Are you working on securing similar packages with other travel companies?

Definitely. We’re going to sign with Delta in March — we had to postpone it because of Carnival, but the agreement is there. Delta is ready to promote Haiti on their vacation package from New York and Atlanta. Since they have this partnership with the SkyTeam alliance with Air France, Air France as well has booked some packages to go to Haiti from Miami. So I’m confident that this new partnership with the big airlines will help us increase the number of tourists. Because we’re starting small, with three [flights] per month, but I’m confident that by the end of this year that will increase.

What’s the strategy for these kinds of travel packages?

We’re working to get the second generation [Haitian Diaspora], Haitians living abroad, to get them to return home and visit their country of origin. That’s one of our strong markets that we’re definitely trying to attract. The second part is to come up with a concept where you don’t have an all-inclusive, but an “all-inclusive original,” and we did it with Transat. The only issue [the Transat tourists] had in Port-au-Prince was because of the traffic, so we’re trying to see different excursions and how to overcome the traffic. So now, with the local operators, we’re trying to work hard to build a better set of transport facilities for the next group. But besides that, it was a very good experience for all of them.

How does the private sector play a role in what you’re doing?

We’re doing huge steps, because we want to do it huge, but slowly, having the right partners. That’s very important, because we’ll never be able to do it alone. I have to say that we have a strong private sector, a strong tourism private sector. Because they invested over the last 20 years knowing that Haiti was not treated properly, but they still believed in the sector and did invest. And that group was very happy to receive, for the first time, a group of vacationers. Not a group of NGOs, not for political reasons, but coming for vacation. And I really applaud them, because they did an amazing job. So we have a partnership with a private sector that’s willing to cooperate. As a Minister, I can only do so much. I went to Canada, I said “this is what my country is.” But at the end of the day, when tourists come, I’m not there to receive them all the time. So the private sector needs to do it on its own. The government aspect was ensuring security, to have no problem with insecurity, with transport. I really think they pulled it off. And the most important partner was Transat, because if they did not believe in Haiti, if they had not believed in it, the package would not be happening today.

Are there any other packages you’re considering working on?

We’re starting small — there are a lot of issues to address, but we’re starting small. We already have an agreement with the Dominican Republic, and Air Transat is willing to do it. The idea is that you would go to Puerto Plata, and then come into Haiti and spend two days in Cap-Haitien and then come back to the Dominican Republic. Air Transat is waiting on that proposal right now. So it’s a combined package that we’re trying to promote the island [of Hispaniola], so it’s a very interesting marketing tool — because you have two countries, two gastronomies, languages and people.

The US and Canada issued travel warnings at the end of December for Haiti. What kind of impact did that have, and how do you get beyond them?

I think it’s hard for each country to have their own sources of information. Each country has different issues. I spoke to the Canadian Ambassador, who said that he had the same travel advisory for other countries in the Caribbean that are very tourism-dedicated. I think [Haiti’s] government responded well. I was there at the press conference — the Minister of Finance was there, the Minister of Health was there, of course, the Prime Minister was there. And we said, we’re here to show with numbers, with data. The travel advisories were about cholera, of kidnapping. So the Prime Minister came with information, with the number of arrivals, that all the hotels were full in December, that we received one of the biggest artists in the world, Sean Paul, from Jamaica, who came to do an amazing concert in Haiti. So we put some doubt into how these people that have their priority to issue travel advisories were getting their information. And all the information came from the Secretary of State for Public Security, which showed that Haiti is not even listed in the 10 countries that have the highest insecurity in the Caribbean. So what insecurity were they talking about? The Dominican Republic’s [murder rate] is three, four times more, and it’s the biggest destination in the Caribbean. But look at the Transat agreement. If Air Transat decided to come with us, it’s because they felt secure, and that’s my message. The tourists will come because they trust Transat, and trust what Transat is offering. And that’s how we’re going about our job. We have an objective, we know what we want, and we’re in partnership with the right people.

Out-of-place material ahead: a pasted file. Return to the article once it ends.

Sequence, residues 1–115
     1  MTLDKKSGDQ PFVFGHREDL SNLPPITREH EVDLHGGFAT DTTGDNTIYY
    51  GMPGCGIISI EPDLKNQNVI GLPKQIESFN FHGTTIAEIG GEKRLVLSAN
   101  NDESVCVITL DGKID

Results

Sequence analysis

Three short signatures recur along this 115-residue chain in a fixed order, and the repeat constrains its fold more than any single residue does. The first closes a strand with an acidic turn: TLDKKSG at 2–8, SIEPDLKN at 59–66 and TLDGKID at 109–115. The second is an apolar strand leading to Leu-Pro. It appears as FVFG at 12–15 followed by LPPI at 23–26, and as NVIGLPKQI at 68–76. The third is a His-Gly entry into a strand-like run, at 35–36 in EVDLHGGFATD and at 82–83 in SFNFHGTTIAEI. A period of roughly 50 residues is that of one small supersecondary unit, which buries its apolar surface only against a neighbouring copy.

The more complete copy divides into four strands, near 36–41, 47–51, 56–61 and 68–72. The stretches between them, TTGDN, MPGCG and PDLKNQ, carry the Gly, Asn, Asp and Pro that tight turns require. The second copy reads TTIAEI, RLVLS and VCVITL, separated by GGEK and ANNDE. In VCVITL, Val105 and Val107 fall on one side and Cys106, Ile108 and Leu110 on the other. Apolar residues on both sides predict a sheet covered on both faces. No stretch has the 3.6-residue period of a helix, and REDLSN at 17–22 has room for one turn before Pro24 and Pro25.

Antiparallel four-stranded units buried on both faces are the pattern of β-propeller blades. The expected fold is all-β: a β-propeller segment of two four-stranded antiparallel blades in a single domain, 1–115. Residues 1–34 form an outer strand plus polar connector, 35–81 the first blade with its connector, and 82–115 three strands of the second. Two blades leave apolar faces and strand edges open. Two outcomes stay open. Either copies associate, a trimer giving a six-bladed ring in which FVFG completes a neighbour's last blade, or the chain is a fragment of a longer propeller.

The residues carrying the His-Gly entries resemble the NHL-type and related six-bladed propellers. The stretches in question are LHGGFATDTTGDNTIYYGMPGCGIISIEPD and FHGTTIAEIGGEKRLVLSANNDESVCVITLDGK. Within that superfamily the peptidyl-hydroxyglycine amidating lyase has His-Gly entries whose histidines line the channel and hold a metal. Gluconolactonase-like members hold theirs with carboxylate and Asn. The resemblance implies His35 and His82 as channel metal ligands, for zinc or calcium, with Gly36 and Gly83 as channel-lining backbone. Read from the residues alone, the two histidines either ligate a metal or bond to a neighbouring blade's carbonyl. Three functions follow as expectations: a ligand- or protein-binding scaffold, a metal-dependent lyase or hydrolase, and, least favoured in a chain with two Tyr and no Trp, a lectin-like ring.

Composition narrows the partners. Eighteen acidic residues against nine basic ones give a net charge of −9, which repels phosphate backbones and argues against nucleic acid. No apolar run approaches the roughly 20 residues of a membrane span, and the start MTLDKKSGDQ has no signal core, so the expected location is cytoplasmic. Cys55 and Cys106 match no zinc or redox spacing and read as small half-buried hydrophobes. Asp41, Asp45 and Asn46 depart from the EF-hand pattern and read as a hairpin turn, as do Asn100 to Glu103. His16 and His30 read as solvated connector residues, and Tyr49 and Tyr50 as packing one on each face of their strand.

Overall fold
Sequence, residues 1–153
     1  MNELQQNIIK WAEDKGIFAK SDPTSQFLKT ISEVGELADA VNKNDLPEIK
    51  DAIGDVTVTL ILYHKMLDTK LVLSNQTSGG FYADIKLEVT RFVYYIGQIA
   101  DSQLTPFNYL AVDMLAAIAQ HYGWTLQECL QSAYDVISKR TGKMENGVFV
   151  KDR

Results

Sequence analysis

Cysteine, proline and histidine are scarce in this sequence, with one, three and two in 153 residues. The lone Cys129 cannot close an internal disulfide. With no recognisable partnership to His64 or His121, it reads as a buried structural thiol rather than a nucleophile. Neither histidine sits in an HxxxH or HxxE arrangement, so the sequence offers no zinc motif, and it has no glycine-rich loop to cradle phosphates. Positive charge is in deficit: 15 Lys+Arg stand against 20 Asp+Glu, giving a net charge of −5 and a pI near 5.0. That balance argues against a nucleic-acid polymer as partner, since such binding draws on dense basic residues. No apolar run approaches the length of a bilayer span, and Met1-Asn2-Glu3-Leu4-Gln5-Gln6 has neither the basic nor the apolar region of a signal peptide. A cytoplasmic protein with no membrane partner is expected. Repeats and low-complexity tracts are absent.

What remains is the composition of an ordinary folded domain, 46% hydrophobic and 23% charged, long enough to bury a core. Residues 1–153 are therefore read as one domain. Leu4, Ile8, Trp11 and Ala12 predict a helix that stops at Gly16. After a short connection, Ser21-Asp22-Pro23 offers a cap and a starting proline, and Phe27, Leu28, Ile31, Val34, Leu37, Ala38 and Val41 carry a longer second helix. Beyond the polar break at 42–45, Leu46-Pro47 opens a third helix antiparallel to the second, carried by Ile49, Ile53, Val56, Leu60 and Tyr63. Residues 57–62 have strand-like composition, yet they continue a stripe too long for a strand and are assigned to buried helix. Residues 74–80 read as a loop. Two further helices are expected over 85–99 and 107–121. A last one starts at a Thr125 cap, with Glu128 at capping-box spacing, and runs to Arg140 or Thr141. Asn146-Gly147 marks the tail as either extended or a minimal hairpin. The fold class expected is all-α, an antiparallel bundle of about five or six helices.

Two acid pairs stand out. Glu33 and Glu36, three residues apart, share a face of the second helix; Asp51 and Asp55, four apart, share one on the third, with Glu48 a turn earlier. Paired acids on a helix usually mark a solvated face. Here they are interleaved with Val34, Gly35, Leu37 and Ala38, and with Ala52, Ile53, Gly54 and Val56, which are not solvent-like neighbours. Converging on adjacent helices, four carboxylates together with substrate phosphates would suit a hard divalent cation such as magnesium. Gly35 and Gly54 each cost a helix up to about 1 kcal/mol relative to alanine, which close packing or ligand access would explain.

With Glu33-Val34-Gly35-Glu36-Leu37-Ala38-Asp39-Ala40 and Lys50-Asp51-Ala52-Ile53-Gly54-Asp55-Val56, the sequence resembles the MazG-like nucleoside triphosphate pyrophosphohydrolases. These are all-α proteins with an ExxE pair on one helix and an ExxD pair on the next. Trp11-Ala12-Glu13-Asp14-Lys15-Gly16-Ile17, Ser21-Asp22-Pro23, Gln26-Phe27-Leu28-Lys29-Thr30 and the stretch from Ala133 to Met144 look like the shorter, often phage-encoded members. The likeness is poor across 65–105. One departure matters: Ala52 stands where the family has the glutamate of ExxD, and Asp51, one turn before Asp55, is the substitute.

In December, the Royal Oasis opened — what other hotel development is on the way in Haiti?

We opened the Occidental [Oasis], and the Best Western will open by March. By the end of 2013, we will have 600 new rooms in Port-au-Prince. Last December, we had a [ground-breaking] ceremony with Marriott. So it’s very interesting to see all this infrastructure coming, because we definitely need more rooms. You have to pick where to start, and we did that a year ago. Now, I’m finalizing my master plan. We have one project in the South, and one in the north. The project in the South combines 26 kilometres of white sand, with the development of an island called Ile a Vache. So it’s a very combined product that we will try, along with Jacmel, where we’ve invested $40 million, including a convention centre, an amphitheatre, a hotel and an airport. We’ll also have a new runway strip for smaller planes to arrive in Jacmel. In Les Cayes, we have a new airport that will open completely the South, not only for investors, but for agriculture, for industry. In the north, the new strip is being finalized, and we’re building a new terminal. So by the end of 2013, we’ll have two brand new airports. For Ile a Vache, we will also have a 1,500-metre airport for Learjets and private jets. So that’s how we’re moving. There’s a lot of interest for big hotels to come to Haiti – Melia, Barcelo, because they own in the Dominican Republic. So we’re finalizing our plans.